It's never really crunch time

What exactly is core training? Should we do specific core exercises and, if so, which ones?

Well, first we have to clarify what our core is. The core stabilises our spine, protects our internal organs, supports balance and stability, transfers power through the body, and allows us to stand and bend.

Of course we only ever think of the rectus abdominis (the six-pack muscles), but the core comprises several sets of muscles that work together.

They include the transverse abdominis (TA), obliques, iliopsoas, pelvic floor muscles, multifidus and erector spinae.

The TA is like our natural girdle. Its primary role is to stabilise the spine.

But because of our unhealthy focus on "ab" exercises, such as crunches and sit-ups, which use mainly surface muscles, most people have a hard time activating and using their TA.

Doing crunches overworks surface muscles, disengages more core muscles and tightens hip flexors, which often leads to lower back pain and poor posture.

If you want to do specific core exercises, choose movements such as carries, rollouts, planks and side planks, hollow rocks, Pilates 100s, dead bugs, kneeling or standing on a balance ball, Pallof presses, woodchops, mountain climbers or - the king of them all - the Turkish get-up.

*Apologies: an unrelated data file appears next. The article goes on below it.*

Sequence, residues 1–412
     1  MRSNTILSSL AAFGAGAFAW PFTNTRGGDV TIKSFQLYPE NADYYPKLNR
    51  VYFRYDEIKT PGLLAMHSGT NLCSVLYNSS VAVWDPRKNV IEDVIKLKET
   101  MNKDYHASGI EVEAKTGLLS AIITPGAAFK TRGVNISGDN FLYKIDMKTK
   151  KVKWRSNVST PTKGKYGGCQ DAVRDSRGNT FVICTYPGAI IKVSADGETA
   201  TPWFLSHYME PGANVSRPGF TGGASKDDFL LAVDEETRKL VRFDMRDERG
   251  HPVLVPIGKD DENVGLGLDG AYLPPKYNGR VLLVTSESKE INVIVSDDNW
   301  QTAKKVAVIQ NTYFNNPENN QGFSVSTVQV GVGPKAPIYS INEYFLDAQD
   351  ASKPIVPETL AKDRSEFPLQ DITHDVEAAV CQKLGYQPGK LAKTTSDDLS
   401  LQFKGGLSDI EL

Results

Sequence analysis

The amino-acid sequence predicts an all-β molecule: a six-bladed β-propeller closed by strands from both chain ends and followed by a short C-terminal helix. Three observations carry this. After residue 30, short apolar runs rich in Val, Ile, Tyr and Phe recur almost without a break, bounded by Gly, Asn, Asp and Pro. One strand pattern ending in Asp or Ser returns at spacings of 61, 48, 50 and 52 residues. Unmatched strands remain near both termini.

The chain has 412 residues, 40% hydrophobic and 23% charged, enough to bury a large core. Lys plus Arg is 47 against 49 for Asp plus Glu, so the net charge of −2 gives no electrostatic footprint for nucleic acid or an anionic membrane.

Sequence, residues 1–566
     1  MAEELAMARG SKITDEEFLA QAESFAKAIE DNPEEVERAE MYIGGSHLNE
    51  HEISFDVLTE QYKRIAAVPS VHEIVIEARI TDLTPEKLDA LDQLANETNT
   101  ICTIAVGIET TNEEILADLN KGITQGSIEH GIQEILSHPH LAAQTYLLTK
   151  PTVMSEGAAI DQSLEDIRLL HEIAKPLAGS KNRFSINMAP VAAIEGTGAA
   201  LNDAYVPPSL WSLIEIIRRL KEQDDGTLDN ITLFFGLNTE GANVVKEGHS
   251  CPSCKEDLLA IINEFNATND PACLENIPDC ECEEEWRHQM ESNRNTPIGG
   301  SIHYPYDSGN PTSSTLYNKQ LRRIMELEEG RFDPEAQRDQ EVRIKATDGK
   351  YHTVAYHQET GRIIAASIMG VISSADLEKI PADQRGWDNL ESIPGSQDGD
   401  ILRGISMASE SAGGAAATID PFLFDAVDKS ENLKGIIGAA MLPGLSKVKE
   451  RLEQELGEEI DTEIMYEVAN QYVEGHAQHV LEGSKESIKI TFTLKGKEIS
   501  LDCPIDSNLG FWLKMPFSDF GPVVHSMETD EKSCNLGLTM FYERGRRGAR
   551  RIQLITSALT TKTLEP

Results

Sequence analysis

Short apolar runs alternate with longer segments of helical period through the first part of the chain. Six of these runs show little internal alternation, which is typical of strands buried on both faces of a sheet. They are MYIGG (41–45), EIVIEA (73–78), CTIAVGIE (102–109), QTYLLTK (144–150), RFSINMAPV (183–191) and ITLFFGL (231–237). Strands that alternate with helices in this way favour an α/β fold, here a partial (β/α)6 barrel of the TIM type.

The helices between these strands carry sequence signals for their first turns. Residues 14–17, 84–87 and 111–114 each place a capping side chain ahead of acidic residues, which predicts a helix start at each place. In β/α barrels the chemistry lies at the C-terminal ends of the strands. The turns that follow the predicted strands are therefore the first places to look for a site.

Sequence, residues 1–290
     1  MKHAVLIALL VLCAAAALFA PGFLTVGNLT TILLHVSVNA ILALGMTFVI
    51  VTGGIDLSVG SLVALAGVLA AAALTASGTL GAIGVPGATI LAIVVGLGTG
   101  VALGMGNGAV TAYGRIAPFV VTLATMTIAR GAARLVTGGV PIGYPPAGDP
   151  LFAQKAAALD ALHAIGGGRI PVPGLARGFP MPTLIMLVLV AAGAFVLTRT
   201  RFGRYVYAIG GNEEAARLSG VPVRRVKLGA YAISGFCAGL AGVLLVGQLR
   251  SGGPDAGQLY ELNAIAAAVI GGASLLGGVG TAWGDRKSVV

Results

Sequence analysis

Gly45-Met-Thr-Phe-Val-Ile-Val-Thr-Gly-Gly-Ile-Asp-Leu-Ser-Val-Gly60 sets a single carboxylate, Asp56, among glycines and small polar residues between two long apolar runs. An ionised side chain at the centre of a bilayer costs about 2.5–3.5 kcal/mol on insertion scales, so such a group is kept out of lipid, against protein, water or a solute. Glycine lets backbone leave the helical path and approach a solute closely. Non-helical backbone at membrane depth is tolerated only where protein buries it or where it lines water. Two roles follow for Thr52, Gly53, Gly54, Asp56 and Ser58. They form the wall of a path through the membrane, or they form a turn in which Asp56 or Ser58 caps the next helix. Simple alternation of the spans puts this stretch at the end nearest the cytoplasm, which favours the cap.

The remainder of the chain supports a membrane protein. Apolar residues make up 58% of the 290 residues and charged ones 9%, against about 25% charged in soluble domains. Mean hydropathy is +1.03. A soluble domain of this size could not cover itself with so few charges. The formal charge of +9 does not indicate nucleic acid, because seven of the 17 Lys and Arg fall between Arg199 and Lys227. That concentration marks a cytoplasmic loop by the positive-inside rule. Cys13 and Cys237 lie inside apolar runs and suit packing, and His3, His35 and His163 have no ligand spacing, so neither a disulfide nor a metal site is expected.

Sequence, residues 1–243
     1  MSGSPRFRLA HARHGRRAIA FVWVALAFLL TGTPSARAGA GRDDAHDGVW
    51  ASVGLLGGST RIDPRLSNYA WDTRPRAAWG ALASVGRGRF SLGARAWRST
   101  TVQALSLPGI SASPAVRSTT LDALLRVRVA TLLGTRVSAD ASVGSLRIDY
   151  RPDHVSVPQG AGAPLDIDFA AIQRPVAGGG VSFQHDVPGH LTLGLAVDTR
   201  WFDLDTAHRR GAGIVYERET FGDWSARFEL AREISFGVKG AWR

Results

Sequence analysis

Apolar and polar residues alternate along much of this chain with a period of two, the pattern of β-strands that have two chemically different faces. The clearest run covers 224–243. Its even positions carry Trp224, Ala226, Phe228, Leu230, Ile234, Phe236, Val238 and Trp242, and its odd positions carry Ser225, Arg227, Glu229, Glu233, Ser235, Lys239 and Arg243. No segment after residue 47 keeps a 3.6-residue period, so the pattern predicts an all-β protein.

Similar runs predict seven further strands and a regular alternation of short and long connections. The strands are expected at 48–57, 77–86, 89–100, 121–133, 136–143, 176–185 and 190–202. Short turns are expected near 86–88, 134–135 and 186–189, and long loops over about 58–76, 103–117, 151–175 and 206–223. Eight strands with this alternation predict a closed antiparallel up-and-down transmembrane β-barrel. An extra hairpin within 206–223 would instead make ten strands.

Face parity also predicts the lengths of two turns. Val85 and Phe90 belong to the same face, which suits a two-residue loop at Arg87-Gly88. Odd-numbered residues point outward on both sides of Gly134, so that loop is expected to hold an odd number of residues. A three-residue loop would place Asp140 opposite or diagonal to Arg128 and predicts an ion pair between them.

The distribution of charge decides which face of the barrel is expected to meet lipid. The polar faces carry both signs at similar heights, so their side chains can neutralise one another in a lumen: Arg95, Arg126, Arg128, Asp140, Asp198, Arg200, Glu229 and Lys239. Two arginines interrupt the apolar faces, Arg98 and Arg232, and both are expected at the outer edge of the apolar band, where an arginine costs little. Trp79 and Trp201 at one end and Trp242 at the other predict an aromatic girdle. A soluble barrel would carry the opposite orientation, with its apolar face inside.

Planks and side planks are far better exercises for strengthening your core than sit-ups or crunches. Photo supplied.

Planks and side planks are far better exercises for strengthening your core than sit-ups or crunches. Photo supplied.

These are movements that create tension throughout your whole body and engage your core as God meant it to be engaged.

They also cover the three planes of movement: forward and backwards, side to side, and rotation.